Creative Boredom, Dumbing Down, and Memorizing

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    Welcome to Skills for the Future of Work! We hope you enjoy this edition as much as we enjoyed writing it! If you did, don’t keep it to yourself. Share it with some friends!

    As usual, here’s what to expect – a tip, an insight, and our favourite new thing. So, let’s get going!

    In the 1970s, calculators began to enter our classrooms – to the consternation of some educators, and many parents, who were concerned that basic skills would be lost as students became “dependent” on them. The reality turned out to be somewhat different – calculators helped students become more engaged in mathematics, and allowed them to get to higher proficiency in mathematics overall, as they moved beyond performing basic calculations. In other words, the calculator actually made us smarter.

    But just because that happened with one piece of technology, doesn’t mean it happens with all pieces of technology. And technology is so ubiquitous and powerful today, it’s probably worth thinking seriously about what effect it is having overall on our human capabilities. We say “Human is my superpower” at BillionMinds, but that superpower needs to be nurtured and maintained.

    It’s easy to make the “pro-technology” case. The internet has democratized access to highly detailed information, often for free. Want to learn from an expert how Jane Austen’s letters to her sister debunk myths about her sheltered upbringing? Download the Kanopy app, and start binging 24 college-level classes on Austen with nothing more than a library card. Oh, and the above brief history of the calculator? Credit Sarah A. Banks Masters Thesis on the usage of calculators in classrooms since 1975. 132 wonderfully meticulously researched pages found with a 1 minute Google search. Never in the history of humankind have we had easier access to such rich information.

    So, what’s the “anti-technology” argument? There are actually many. Consider that not only is misinformation ripe on the Internet but that it spreads faster than the accurate stuff. Henry Mintzberg (who will soon be a guest on our podcast) – cites several causes for dumbing down, including the decline of our communities, addiction to our devices, and Groupthink. And some of the more dystopian views of an AI-dominated future reference the movie Wall-E, which imagines a world where our electronic surroundings overstimulate us so much that we no longer think for ourselves at all.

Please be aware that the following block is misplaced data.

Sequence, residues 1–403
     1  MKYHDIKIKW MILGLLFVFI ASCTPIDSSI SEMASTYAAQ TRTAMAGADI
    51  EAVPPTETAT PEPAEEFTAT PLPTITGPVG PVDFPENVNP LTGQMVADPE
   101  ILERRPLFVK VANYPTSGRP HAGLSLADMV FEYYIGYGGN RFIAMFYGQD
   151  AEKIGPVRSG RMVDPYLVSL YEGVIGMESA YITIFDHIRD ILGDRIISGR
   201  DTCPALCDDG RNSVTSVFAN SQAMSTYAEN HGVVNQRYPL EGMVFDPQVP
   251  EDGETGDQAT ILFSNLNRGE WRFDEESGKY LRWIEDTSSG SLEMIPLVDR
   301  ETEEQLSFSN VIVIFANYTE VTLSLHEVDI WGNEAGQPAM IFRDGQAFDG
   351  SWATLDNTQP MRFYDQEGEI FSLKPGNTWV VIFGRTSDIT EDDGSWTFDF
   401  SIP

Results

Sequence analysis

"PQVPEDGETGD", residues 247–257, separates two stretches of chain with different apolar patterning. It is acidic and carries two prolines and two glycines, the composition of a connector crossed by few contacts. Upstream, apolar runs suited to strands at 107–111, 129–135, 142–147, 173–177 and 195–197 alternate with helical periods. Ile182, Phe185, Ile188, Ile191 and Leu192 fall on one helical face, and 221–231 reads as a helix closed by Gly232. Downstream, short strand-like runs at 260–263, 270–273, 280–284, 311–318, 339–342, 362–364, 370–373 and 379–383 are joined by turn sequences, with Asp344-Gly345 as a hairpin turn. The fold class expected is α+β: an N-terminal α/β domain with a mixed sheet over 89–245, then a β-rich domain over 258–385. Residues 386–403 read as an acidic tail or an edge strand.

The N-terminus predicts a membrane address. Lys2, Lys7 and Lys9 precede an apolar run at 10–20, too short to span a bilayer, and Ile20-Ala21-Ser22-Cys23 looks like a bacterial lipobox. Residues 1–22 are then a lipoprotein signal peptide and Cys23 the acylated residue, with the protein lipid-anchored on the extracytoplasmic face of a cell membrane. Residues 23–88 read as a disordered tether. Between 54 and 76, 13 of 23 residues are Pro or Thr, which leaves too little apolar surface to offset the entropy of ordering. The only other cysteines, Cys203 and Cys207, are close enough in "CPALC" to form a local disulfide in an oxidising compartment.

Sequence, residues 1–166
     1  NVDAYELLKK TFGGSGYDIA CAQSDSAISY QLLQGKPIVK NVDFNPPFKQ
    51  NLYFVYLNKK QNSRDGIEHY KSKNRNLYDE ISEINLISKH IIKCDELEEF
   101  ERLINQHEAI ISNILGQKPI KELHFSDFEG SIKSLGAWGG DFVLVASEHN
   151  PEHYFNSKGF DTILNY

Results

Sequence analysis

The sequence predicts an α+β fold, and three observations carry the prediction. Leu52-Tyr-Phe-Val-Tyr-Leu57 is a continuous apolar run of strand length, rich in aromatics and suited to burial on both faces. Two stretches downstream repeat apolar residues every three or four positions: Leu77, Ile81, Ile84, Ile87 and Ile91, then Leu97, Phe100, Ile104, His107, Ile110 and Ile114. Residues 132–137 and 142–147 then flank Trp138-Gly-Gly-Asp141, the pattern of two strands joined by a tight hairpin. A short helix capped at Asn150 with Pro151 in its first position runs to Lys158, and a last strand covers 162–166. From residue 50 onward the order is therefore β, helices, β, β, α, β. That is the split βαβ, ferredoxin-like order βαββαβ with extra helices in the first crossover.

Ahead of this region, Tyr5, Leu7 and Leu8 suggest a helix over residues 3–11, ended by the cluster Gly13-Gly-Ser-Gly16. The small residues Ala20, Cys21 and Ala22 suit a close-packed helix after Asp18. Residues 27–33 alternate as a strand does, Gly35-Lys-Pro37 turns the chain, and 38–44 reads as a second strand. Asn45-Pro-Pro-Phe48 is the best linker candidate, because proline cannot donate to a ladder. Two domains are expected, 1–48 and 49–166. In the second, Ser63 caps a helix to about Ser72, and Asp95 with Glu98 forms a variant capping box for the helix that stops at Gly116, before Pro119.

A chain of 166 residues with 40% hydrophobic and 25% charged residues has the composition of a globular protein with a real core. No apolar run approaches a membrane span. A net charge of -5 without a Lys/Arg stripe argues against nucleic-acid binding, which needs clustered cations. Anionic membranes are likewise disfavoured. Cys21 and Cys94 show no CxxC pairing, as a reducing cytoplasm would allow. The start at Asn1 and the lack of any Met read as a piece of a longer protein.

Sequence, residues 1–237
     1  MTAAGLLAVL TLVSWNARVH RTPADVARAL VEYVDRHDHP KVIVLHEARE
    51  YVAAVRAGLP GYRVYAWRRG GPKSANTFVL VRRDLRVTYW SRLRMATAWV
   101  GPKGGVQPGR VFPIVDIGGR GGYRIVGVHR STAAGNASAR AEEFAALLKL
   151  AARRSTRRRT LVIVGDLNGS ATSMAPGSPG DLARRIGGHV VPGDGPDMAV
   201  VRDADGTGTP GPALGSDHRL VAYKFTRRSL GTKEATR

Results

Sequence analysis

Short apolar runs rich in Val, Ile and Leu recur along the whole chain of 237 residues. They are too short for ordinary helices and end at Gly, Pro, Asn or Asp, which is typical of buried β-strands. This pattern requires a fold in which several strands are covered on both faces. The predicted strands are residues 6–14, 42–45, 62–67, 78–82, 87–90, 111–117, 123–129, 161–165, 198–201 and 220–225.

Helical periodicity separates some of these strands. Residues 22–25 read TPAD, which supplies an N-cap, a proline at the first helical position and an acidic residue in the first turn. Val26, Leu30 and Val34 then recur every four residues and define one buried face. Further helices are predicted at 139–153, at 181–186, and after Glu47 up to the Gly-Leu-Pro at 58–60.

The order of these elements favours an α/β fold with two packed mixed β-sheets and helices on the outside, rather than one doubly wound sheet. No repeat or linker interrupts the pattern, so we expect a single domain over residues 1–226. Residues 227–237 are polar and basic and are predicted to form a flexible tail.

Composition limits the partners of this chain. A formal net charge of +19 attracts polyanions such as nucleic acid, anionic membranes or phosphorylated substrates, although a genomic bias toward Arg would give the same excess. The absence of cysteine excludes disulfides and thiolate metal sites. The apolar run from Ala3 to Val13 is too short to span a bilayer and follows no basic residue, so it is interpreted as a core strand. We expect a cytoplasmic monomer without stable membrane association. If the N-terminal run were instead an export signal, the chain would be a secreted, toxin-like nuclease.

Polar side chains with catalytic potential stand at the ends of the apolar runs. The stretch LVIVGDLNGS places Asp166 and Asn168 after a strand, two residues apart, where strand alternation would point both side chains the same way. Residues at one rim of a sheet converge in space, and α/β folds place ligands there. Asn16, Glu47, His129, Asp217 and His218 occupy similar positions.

So should we be worried that technology IS dumbing us down? The answer is, to quote the wise band Oasis, Definitely Maybe. One key difference between the calculator and the smartphone is that the calculator isn’t really addictive, but the smartphone is outrageously so. The calculator made basic calculations lightning fast, and we used the time freed up to do more complex mathematics. In other words, we spent our time thinking deeper thoughts. Our current devices push to us whatever content we want, or what the algorithms think we might want, and overstimulate us to a point where many of us are doing very little thinking at all. Even if we cannot be sure how dangerous that is, it’s probably time we put down our devices for a bit and started at least thinking about it.


    Whether it’s an elevator pitch, a poem at an open-mic night, or a speech at a wedding – we all need to remember things from time to time. It can be devilishly challenging to remember things word for word, but fortunately, technology is there to help us out. There are lots of apps you can get, but our favorite one is called MemoCoach – it uses a variety of techniques that build on each other to help lock in those words. So check it out, but don’t forget that other vitally important thing that helps you remember – sleep!

    The Tip: Get Bored!

    Video Length: 105 Seconds

    When was the last time you got bored? As in REALLY bored, like the kids used to get 4 weeks into the summer holidays and there was nothing left to do that hadn’t already been done multiple times. Boredom is good for us, surprisingly so, so this week’s tip is about how to cultivate boredom and take advantage of its positive effects. Check out the video below to find out how to get yourself more bored right away.

    About Us

    BillionMinds brings you this newsletter each and every week. But that’s not all we do. We also help employees and managers in companies around the world embed key soft skills to thrive in the modern workplace and get certified in those skills. Each of our Learn/Do experiences is less than 10 minutes a day and you can see meaningful change within two weeks.

    We work with both companies and individual employees. Certification programs start at $200 and we provide discounts for those seeking work. For more information, visit us here.